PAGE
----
On anniversary of Kennedy moon speech, we should look skyward

Fifty years after President Kennedy lit the candle that illuminated the way to Apollo 11, the fire is all but snuffed out. It will never return until we remember why we went to the moon in the first place.

John Lewinski
Crave freelancer John Scott Lewinski covers tech, cars, and entertainment out of Los Angeles. As a journalist, he's traveled from Daytona Beach to Cape Town, writing for more than 30 national magazines. He's also a very amateur boxer known for his surprising lack of speed and ability to absorb punishment. E-mail John.
John Lewinski
5 min read

opinion Today, May 25, marks the 50th anniversary of President John F. Kennedy's famous speech urging Americans to reach for the moon. With the U.S. space program in desperate need of new direction and genuine inspiration after years of neglect from Washington, we could use a 2011 equivalent of that oration.

One of Kennedy's finest speeches--and arguably one of the greatest in presidential history--it called on the U.S. space program to achieve what many thought to be impossible:

"I believe that this nation should commit itself to achieving the goal, before this decade is out, of landing a man on the moon and returning him safely to the Earth," Kennedy said in addressing a joint session of Congress and a national television audience. "No single space project in this period will be more impressive to mankind, or more important in the long-range exploration of space; and none will be so difficult or expensive to accomplish."

John F. Kennedy delivers moon speech
President John F. Kennedy's speaks before a Joint Session of Congress on May 25, 1961. Courtesy NASA

Kennedy's call was more than a boastful assignment. It was a daring attempt to inspire national morale in the face of a Soviet Union seemingly winning the Cold War. The Russians had Sputnik--the world's first artificial satellite--in orbit, and the growing fear among many Americans was that superior Soviet space science meant greater military might and more lethal missile technology.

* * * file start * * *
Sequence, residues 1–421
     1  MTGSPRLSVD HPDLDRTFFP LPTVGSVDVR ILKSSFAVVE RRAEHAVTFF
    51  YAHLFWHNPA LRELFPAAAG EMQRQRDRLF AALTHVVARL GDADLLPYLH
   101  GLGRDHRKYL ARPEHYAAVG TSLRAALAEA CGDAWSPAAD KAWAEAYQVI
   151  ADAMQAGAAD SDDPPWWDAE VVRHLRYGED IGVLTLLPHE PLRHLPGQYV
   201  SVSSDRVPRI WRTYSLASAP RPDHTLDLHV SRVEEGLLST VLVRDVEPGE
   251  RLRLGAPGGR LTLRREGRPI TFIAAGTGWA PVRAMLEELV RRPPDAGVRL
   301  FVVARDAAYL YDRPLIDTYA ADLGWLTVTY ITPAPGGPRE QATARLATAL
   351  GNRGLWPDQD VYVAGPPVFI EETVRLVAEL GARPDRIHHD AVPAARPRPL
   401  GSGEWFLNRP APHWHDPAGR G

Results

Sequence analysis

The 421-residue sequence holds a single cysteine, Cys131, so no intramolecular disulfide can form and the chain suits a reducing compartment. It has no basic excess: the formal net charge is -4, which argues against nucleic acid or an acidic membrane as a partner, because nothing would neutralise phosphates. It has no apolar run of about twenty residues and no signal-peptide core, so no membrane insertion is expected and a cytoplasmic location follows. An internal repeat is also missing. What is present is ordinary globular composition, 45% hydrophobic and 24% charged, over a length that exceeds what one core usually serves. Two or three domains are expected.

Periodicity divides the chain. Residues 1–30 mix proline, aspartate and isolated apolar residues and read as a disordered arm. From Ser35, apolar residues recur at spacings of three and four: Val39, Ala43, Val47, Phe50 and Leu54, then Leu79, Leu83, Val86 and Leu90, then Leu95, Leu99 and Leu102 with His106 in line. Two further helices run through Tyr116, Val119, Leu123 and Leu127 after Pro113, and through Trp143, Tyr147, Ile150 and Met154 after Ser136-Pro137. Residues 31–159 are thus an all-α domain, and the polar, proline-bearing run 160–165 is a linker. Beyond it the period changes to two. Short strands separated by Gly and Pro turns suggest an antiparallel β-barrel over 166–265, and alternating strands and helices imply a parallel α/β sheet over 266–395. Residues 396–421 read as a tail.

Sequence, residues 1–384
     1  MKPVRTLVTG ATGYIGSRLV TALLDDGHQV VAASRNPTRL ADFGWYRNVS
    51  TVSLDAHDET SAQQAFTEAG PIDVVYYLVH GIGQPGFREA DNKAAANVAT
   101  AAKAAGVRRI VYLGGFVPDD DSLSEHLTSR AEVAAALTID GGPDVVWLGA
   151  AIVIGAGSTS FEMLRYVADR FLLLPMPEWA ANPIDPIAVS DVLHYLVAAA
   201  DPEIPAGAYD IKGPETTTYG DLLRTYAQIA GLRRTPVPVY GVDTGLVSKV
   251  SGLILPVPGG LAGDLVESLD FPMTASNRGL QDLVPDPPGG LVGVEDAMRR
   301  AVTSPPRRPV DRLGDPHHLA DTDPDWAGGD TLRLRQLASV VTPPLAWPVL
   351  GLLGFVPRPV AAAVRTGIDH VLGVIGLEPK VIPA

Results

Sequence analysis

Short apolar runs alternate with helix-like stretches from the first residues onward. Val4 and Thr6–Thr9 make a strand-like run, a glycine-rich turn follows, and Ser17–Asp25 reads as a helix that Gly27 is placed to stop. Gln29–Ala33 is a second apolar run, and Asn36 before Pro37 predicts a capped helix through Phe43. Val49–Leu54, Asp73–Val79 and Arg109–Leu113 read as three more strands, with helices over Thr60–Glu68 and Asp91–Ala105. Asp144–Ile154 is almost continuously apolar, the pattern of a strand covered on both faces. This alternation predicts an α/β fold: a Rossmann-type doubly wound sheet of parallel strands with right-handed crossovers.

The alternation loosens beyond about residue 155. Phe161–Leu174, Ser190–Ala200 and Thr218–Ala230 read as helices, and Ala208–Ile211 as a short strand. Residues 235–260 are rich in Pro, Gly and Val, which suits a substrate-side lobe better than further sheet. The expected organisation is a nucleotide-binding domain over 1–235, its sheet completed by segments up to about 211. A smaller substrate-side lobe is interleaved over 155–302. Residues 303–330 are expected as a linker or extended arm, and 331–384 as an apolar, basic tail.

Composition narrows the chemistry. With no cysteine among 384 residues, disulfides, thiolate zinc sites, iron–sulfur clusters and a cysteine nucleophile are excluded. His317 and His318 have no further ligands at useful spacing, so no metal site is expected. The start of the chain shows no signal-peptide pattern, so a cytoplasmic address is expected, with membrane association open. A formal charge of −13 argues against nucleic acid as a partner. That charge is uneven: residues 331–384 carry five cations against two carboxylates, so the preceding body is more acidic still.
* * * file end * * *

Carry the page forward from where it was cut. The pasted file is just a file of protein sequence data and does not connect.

But the speech was also one of history's greatest examples of an American leader trying to inspire and rally citizens toward an incredible achievement. It's a sentiment lost not only on the 21st century space program, but on modern American politics as a whole. No one--from the White House to Capitol Hill to the campaign trail--challenges us to achieve at the very highest levels of scientific and inventive endeavor these days.

NASA currently languishes in general disarray without clear orders from Washington, encumbered by constant funding worries--leaving private enterprise as the driving force of space exploration. No president since Ronald Reagan has placed any real sense of priority or pride on the space program, and some argue that the Reagan administration stressed NASA's space shuttle efforts not out of a sense of aspiration or exploration, but to restore the American psyche after the Challenger disaster.

Though they changed the curtains in the Oval Office, the Clinton, Bush, and Obama administrations shared the same general policy of neglecting and gradually defunding space exploration. In the most recent and creative instance of hobbling NASA, President Obama killed funding for NASA's Constellation moon exploration program, claiming the move would inspire NASA to develop more commercial exploratory programs. It was like encouraging a kid to ride a bike by taking his Schwinn away and handing him a pogo stick.